Pervasive institutional racism and other manifestations of bigotry disproportionately impact marginalized communities; they are, as we are seeing at present (and have seen in the past), life-threatening. Systemic racism and injustice have a deleterious effect on the mental and physical health of both its targets and the larger society. These realities are painful and difficult to process and "sit with." Accordingly, we encourage you not to simply sit with them. We suggest that following a period of reflection, you work to actively confront these realities and honor your related emotions.

Confronting the reality of inequity and injustice and its impact on human lives is a part of the process of moving toward mental health and wellbeing for individuals, it is also a necessary means of creating societal change. We encourage Conn community members to stay aware of and to engage with these realities by pursuing accurate historical and current information. Additionally, we encourage taking related empowered actions to facilitate change. Know that change-oriented action comes in a variety of forms; for some, it may involve written or verbal communication either in small spheres of influence or public forums. Others may engage in protests aimed at legislative reform. All change-oriented action is meaningful and has the potential to serve as a valuable contribution. Regardless of the specific mode of action, change-oriented processes facilitate hope, understanding, agency, and connection with others. Hope, understanding, agency, and connection between people increase mental health and wellbeing. Notably, these (among other things) are factors that may serve to reduce the biases that underlie discriminatory actions against others; the very change targeted by the actions.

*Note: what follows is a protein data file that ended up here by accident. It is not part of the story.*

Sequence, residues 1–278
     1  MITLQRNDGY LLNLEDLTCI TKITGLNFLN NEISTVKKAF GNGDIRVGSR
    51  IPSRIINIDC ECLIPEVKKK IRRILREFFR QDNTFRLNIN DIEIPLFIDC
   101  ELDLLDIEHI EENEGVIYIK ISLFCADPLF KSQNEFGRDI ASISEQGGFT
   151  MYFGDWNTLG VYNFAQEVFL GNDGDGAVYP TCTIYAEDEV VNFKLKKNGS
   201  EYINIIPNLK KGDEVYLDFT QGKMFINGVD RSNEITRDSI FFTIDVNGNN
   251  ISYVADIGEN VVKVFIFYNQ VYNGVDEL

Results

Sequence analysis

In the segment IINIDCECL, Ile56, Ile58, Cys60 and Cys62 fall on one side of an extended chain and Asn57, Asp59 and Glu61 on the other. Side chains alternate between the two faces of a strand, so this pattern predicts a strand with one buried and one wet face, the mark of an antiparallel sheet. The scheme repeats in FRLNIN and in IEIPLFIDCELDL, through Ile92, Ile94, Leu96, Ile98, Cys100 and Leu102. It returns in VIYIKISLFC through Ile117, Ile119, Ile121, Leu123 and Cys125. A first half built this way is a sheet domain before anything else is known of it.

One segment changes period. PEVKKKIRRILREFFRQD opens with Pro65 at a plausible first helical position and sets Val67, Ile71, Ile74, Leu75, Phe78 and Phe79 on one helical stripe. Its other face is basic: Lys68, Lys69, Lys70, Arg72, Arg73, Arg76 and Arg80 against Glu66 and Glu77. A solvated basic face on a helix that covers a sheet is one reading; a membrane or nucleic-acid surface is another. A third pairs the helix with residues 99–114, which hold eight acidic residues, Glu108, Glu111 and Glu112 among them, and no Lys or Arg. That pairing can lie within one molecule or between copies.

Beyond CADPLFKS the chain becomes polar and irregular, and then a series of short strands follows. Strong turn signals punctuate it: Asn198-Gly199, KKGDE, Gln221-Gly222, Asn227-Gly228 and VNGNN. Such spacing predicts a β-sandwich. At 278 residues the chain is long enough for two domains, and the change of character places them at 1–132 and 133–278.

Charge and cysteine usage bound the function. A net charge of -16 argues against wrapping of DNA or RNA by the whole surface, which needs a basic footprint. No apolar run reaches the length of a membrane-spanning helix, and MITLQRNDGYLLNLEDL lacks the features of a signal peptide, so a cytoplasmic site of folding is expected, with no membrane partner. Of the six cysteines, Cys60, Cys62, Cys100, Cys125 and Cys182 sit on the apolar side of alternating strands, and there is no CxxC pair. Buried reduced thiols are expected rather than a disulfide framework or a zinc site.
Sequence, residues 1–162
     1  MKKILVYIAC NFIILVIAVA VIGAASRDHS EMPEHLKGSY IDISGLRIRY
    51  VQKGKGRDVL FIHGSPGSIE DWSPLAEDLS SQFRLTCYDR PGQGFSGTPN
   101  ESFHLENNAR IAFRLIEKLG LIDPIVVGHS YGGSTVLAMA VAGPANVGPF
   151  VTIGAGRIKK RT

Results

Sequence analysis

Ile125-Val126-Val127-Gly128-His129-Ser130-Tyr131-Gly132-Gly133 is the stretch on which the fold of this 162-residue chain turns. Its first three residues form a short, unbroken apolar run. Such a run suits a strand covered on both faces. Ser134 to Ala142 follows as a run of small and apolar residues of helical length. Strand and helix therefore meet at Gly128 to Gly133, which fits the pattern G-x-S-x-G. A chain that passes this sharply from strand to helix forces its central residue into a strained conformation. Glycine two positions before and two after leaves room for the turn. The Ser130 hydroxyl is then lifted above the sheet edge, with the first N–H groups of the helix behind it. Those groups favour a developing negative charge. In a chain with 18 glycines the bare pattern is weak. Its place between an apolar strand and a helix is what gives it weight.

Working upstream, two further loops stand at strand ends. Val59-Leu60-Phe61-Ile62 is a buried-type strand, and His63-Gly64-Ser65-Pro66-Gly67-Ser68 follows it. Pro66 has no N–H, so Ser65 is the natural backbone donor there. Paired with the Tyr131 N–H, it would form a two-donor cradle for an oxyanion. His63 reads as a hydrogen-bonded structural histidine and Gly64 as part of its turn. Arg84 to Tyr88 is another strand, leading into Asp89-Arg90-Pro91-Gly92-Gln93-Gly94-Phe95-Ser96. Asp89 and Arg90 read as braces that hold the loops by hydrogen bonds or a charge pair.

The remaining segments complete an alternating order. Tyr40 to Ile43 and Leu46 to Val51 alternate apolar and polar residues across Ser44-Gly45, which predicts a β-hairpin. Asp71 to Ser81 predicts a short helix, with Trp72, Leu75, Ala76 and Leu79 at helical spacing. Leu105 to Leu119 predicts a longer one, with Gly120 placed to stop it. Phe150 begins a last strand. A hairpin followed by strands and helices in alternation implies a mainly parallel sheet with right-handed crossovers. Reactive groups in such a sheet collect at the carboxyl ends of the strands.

We know that there is an emotional and physical toll related to confronting reality, speaking truth to power, protesting, and working toward equity and justice. Accordingly, we offer the following recommendations related to engagement in that work: honor your limits by boundary setting, allow time and space for pauses and reflection, take breaks (or time away from the action) as needed, engage in life-affirming pleasurable activities in between work to confront and address inequity-related realities. The treatment of Black people and other marginalized communities in our Nation often fails to reflect an appreciation for and awareness of their humanity. Honoring the full humanity of others and yourself is at such times a radical act. Radical self-care is an integral part of sustainable work toward justice, surviving, and thriving during times of adversity. We urge Conn community members to couple change-focused engagement with radical self-care. Tend to your physical and mental health by engaging in regular practices of mindfulness, emotional processing, counseling support as necessary, and connections with others. 

Although we are not open during the summer months, we offer the resources that follow this letter to the community at this time. We look forward to engaging again with you all in the fall. Until then, please stay well and take good care,

Your Student Counseling Services and Student Health Services Staff 

Resources to support your sustainable engagement in change-oriented action:

Resources for coping with and confronting racism for Black individuals and communities (curated by the University Of Illinois)

Resources to facilitate antiracism (curated by the University Of Illinois)

Resources to facilitate ongoing efforts to cope with the global pandemic: